Regulators approve mining law changes

The decision marks the final step in the rule change process, which began last year.
Mary and Gary Freeman pose for a photo in their test pit.
Mary and Gary Freeman stand in their test pit in the woods of Newry, surrounded by spodumene crystals. Photo by Garrick Hoffman.

State regulators unanimously approved final changes to Maine’s mining law on Thursday morning that will pave the way for a small-scale spodumene mining operation in the western Maine town of Newry.

Spodumene is a mineral that contains lithium, a highly sought-after metal used in everything from batteries to touch screens.

The discussion lasted less than 25 minutes, and capped months of work by staff at the Maine Department of Environmental Protection, who began crafting the rules late last year. The approval came after lawmakers and Gov. Janet Mills signed off on the changes in April.

The new rule will exempt the extraction of certain metallic minerals from the state’s stringent mining regulations as long as a mining operation can prove that getting them out won’t pollute the nearby land or water.

Developers will be allowed to mine up to five acres at a time (not including any area used for infrastructure or equipment) and will have to test for PFAS and comply with dark sky lighting requirements.

Mary Freeman, who owns the deposit in Newry along with her husband Gary, said in a call after the meeting that the couple planned to apply for the exemption but didn’t have a timeframe for when that would happen. 

“It looks like the next step will be to gather a lot of data, and I’m not sure how long that will take,” said Freeman. “We’re not going to waste any time.”

Eliza Townsend, who directs conservation policy for the Appalachian Mountain Club, was the only member of the public to comment during the meeting, saying briefly that the group supports the additional requirements that were made by the legislature last session.  

Members of the Maine Board of Environmental Protection, a group of citizens appointed by the governor to oversee the DEP, asked DEP staff for details on how and when an area would be considered reclaimed, but otherwise had few questions on the rules, which have come before the board repeatedly since last fall.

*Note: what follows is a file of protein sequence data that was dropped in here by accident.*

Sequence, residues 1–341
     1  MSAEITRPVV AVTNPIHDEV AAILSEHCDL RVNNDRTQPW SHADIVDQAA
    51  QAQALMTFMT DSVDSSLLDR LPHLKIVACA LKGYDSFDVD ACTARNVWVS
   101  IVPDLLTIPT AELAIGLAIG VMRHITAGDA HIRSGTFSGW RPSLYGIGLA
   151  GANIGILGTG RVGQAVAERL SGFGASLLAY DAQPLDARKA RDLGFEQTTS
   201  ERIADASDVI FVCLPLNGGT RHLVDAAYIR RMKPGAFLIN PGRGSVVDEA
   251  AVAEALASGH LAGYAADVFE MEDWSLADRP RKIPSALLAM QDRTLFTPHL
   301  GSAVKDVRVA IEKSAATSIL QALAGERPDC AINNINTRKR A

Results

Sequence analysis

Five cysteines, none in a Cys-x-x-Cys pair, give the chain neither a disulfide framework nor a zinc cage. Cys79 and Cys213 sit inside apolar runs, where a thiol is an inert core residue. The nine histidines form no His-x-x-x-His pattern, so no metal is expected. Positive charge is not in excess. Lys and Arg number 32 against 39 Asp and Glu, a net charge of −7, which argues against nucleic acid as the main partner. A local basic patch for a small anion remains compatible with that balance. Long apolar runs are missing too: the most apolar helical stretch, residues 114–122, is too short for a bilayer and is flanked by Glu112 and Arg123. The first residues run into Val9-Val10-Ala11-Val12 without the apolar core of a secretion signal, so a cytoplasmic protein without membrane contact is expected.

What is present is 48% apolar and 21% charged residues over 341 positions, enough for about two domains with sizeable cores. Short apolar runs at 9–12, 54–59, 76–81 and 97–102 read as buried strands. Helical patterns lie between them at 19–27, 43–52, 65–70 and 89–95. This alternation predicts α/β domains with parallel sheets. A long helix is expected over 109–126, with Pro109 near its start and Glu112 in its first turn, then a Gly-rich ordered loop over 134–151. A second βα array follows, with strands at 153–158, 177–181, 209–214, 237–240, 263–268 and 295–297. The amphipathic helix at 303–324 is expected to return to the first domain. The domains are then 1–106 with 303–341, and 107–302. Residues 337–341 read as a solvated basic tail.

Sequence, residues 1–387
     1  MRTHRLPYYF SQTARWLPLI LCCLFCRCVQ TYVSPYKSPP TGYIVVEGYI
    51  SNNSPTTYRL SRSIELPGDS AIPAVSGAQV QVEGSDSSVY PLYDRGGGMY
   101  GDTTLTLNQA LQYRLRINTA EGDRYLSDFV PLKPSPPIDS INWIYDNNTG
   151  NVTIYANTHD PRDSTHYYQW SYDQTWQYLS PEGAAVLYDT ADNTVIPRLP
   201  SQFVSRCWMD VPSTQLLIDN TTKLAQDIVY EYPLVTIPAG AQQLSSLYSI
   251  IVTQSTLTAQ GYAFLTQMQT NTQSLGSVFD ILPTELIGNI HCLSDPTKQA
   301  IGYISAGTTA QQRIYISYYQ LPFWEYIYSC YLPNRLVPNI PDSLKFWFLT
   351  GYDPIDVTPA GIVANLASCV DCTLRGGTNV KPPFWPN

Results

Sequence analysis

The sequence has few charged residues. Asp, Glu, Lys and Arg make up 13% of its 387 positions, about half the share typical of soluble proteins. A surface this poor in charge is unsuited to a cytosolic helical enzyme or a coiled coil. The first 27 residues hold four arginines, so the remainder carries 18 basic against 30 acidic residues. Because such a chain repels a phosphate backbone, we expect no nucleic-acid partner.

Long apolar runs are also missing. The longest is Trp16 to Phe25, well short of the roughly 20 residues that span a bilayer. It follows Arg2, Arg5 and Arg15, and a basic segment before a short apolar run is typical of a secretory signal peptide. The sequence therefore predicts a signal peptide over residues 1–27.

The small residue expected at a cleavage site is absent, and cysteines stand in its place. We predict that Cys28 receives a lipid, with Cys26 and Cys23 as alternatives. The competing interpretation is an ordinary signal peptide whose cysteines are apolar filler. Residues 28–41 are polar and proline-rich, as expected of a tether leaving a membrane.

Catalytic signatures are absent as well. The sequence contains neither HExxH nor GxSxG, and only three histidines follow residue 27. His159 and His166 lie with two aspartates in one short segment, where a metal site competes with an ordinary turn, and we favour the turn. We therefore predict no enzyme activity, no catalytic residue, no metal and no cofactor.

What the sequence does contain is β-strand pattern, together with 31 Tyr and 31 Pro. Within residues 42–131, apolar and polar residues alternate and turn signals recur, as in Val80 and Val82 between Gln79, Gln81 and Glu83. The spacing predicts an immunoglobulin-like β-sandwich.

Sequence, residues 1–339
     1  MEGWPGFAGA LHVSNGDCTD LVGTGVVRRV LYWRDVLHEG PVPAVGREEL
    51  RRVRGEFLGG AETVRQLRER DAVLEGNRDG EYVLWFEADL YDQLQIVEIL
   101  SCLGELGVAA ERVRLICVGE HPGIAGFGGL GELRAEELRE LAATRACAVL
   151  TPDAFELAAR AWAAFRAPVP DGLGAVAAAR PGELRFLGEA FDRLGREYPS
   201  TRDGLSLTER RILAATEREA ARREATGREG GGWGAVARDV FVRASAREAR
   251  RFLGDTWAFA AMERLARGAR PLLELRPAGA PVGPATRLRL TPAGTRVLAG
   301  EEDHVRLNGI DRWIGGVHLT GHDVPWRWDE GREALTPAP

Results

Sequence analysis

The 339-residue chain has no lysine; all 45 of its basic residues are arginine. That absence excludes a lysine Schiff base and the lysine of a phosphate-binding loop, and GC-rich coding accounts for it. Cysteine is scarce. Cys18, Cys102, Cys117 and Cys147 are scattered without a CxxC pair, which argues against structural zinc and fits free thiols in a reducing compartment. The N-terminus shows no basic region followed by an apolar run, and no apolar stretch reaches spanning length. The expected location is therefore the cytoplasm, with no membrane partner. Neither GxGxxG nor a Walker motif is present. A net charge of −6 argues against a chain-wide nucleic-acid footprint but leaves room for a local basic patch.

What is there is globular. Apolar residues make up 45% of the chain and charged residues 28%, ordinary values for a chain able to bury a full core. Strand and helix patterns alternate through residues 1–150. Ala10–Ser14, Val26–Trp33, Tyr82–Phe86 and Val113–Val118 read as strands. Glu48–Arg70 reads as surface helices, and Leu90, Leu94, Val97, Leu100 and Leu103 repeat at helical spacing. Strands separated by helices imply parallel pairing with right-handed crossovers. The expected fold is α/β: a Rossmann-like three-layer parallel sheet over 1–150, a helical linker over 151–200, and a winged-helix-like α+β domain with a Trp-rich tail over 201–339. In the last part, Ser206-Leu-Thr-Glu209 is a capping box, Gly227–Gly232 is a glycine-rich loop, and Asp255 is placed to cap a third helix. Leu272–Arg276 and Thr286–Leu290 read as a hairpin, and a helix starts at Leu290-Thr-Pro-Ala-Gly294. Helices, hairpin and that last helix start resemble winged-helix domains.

Mike Clark, who works as mining coordinator for the DEP, explained some of the benchmarks staff use to determine whether vegetation has sufficiently taken hold in an area over time. 

“This would be a case where we would be actively inspecting it,” said Clark.

The rule changes have been the subject of heated debate since they were floated last year, with supporters arguing they take a science-based approach to mining for non-reactive minerals, and opponents worrying they will open the door to more mining in Maine, with potentially dire environmental consequences.

Freeman said Thursday she thought the five-acre open pit limit and additional testing requirements would prevent any large-scale developers from seriously pursuing mining in the state. 

“The five-acre limit is significant,” said Freeman, “Anybody who’s serious who wants to mine for spodumene for manufacturing materials for lithium batteries down the road — that kind of thing probably won’t happen in Maine with this set of regulations.”

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Kate Cough

Kate Cough is editor of The Maine Monitor. She previously served as enterprise editor for The Monitor while also covering energy and the environment and writing the weekly Climate Monitor newsletter. Before joining The Monitor, Kate was a beat reporter for The Ellsworth American and digital media strategist for The Ellsworth American and Mount Desert Islander. Kate graduated with honors from Columbia University Graduate School of Journalism and Magna Cum Laude from Bryn Mawr College. Kate is an eighth generation Mainer, who lives on Mount Desert Island with her husband, daughter, and dogs.
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